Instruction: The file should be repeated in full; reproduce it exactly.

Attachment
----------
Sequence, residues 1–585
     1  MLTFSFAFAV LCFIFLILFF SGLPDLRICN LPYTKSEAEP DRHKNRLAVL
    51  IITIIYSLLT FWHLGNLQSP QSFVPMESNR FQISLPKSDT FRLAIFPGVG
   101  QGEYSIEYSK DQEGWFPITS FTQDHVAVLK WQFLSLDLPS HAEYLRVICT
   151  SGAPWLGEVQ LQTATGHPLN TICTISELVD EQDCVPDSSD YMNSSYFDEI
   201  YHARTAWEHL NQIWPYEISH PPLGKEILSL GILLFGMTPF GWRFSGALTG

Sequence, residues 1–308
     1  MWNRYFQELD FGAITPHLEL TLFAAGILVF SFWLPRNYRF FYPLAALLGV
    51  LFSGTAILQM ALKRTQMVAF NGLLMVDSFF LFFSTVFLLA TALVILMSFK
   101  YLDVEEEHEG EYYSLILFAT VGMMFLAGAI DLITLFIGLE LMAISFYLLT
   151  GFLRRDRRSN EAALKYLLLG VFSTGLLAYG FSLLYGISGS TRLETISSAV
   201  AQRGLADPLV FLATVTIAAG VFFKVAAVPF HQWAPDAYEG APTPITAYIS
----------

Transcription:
Sequence, residues 1–585
     1  MLTFSFAFAV LCFIFLILFF SGLPDLRICN LPYTKSEAEP DRHKNRLAVL
    51  IITIIYSLLT FWHLGNLQSP QSFVPMESNR FQISLPKSDT FRLAIFPGVG
   101  QGEYSIEYSK DQEGWFPITS FTQDHVAVLK WQFLSLDLPS HAEYLRVICT
   151  SGAPWLGEVQ LQTATGHPLN TICTISELVD EQDCVPDSSD YMNSSYFDEI
   201  YHARTAWEHL NQIWPYEISH PPLGKEILSL GILLFGMTPF GWRFSGALTG

Sequence, residues 1–308
     1  MWNRYFQELD FGAITPHLEL TLFAAGILVF SFWLPRNYRF FYPLAALLGV
    51  LFSGTAILQM ALKRTQMVAF NGLLMVDSFF LFFSTVFLLA TALVILMSFK
   101  YLDVEEEHEG EYYSLILFAT VGMMFLAGAI DLITLFIGLE LMAISFYLLT
   151  GFLRRDRRSN EAALKYLLLG VFSTGLLAYG FSLLYGISGS TRLETISSAV
   201  AQRGLADPLV FLATVTIAAG VFFKVAAVPF HQWAPDAYEG APTPITAYIS